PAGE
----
I don’t think there is any point in referring to China as a possible threat to the Western world. I don’t see that at all in my generation — even if China wanted to pose a threat to the Western world. China has been rising and there are a lot of internal questions that need to be addressed — including poverty in the countryside and inequality of wealth — and it has a long list of things to do.
TT: Do you think China has an important role to play on the East Asian stage or international stage?
LC: It definitely does. It ranges from climate change to other environmental issues to the question of the global state of the finance industry [and] the question of the possibility of creating a new currency for international settlement. And I think the single most important task for the country is to really keep a stable and reasonably prosperous country because we all know what happens in the rest of the world — particularly to countries in the East Asian region — if China cannot feed its own people for example.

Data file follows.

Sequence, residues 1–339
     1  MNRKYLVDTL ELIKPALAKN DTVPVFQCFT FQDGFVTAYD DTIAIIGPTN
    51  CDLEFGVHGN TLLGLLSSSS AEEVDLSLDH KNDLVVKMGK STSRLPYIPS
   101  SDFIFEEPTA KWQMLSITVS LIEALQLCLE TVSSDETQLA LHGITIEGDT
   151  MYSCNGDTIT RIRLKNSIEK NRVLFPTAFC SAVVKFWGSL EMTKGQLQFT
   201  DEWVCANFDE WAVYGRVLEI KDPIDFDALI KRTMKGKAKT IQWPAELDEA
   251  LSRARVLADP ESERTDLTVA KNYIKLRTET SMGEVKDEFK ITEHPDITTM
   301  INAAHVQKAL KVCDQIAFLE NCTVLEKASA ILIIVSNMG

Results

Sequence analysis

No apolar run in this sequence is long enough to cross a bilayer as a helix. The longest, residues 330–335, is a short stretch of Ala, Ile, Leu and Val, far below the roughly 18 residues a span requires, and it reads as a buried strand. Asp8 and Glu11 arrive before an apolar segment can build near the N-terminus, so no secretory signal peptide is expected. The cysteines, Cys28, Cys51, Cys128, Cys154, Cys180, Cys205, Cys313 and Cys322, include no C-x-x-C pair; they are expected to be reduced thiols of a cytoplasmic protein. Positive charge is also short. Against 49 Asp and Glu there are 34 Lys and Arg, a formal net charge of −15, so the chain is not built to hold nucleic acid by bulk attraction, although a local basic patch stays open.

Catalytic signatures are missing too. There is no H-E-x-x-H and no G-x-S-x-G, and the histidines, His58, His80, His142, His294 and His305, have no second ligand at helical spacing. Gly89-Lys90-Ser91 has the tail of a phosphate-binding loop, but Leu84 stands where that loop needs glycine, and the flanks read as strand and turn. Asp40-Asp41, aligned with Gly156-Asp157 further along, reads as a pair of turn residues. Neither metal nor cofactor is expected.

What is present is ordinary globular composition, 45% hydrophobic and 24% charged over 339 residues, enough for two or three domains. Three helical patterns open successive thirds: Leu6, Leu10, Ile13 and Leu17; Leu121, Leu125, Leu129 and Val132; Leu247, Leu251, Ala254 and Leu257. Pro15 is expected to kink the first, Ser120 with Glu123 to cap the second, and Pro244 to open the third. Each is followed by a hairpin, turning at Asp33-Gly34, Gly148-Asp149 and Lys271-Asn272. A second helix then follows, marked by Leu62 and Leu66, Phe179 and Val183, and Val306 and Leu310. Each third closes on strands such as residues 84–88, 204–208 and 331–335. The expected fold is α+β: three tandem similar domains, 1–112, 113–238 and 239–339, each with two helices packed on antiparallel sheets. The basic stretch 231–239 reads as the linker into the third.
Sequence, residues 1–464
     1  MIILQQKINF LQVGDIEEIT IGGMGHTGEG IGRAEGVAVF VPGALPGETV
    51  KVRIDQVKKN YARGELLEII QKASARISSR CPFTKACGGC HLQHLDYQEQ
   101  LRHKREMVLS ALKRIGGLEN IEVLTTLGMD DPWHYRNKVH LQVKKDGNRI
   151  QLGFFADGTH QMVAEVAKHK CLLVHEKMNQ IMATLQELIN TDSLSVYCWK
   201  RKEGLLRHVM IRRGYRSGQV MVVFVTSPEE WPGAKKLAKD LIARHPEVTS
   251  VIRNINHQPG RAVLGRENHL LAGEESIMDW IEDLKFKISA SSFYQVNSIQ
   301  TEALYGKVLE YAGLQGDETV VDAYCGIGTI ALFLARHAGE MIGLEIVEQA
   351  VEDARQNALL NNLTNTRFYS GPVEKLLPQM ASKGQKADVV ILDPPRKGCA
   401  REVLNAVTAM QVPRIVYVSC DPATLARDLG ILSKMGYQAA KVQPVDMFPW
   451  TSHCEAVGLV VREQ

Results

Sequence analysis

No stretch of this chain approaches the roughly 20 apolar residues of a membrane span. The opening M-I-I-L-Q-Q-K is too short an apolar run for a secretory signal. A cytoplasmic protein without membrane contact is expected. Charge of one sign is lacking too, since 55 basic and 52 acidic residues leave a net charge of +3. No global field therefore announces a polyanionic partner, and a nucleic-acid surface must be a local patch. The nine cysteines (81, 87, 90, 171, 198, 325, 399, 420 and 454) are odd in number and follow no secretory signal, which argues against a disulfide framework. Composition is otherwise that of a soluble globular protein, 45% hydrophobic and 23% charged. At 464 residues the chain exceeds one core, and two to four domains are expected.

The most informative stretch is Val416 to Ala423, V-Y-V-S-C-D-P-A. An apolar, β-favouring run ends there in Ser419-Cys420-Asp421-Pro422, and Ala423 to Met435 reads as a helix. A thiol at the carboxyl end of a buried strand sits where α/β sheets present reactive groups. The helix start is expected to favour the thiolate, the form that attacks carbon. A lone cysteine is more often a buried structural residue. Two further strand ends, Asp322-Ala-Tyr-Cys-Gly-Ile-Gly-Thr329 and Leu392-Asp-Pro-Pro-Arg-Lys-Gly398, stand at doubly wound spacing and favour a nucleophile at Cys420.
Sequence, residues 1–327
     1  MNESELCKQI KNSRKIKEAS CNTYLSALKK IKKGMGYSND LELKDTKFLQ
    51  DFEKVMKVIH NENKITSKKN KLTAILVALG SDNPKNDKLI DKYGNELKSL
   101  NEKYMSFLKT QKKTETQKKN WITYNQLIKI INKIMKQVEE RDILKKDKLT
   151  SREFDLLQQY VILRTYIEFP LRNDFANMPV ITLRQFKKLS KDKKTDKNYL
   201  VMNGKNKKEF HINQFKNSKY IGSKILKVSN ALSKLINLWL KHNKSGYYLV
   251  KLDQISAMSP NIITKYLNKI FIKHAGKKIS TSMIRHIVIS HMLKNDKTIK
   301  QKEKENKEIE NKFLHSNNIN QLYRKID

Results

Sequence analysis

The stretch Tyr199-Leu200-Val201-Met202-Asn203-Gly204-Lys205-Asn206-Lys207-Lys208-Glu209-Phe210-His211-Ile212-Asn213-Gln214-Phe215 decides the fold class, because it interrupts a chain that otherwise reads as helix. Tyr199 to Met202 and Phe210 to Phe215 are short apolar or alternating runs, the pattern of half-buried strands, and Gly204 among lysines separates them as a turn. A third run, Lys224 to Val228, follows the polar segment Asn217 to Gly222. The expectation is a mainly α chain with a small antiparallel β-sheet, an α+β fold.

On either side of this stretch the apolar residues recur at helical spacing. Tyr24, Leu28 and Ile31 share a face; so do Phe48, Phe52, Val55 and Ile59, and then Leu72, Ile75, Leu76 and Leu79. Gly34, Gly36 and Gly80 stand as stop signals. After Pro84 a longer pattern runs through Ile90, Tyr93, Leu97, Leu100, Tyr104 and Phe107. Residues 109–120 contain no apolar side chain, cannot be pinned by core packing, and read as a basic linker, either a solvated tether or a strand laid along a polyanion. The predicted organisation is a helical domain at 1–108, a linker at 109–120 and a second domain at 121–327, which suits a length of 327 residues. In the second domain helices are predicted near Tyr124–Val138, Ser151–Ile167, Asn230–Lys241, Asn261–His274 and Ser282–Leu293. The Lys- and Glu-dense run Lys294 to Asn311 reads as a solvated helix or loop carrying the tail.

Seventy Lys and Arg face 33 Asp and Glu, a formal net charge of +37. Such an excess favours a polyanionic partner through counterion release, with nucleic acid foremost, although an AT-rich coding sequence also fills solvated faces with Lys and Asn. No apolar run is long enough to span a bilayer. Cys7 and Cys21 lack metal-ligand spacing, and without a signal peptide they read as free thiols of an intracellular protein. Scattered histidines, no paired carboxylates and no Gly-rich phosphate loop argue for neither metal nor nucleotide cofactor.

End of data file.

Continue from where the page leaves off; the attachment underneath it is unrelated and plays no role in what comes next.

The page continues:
TT: I’d like to turn things over Taiwan. There has been much discussion over the past few months about the economic cooperation framework agreement (ECFA) with China. First, I’d like to know how Hong Kong has benefited from its Closer Economic Partnership Agreement (CEPA) with China?
LC: I have been involved with the development of the CEPA concept, particularly the main agreement in 2003. Every year since 2003, we have had an annual supplement to the main agreement. Hong Kong has benefitted a great deal under CEPA, whether you are looking at the banking finance sector, the tourism sector or the professional services sector or trade or manufacturing ... CEPA is an important part of fostering economic integration between Hong Kong and the mainland.
TT: What are the disadvantages, or where does the agreement require work?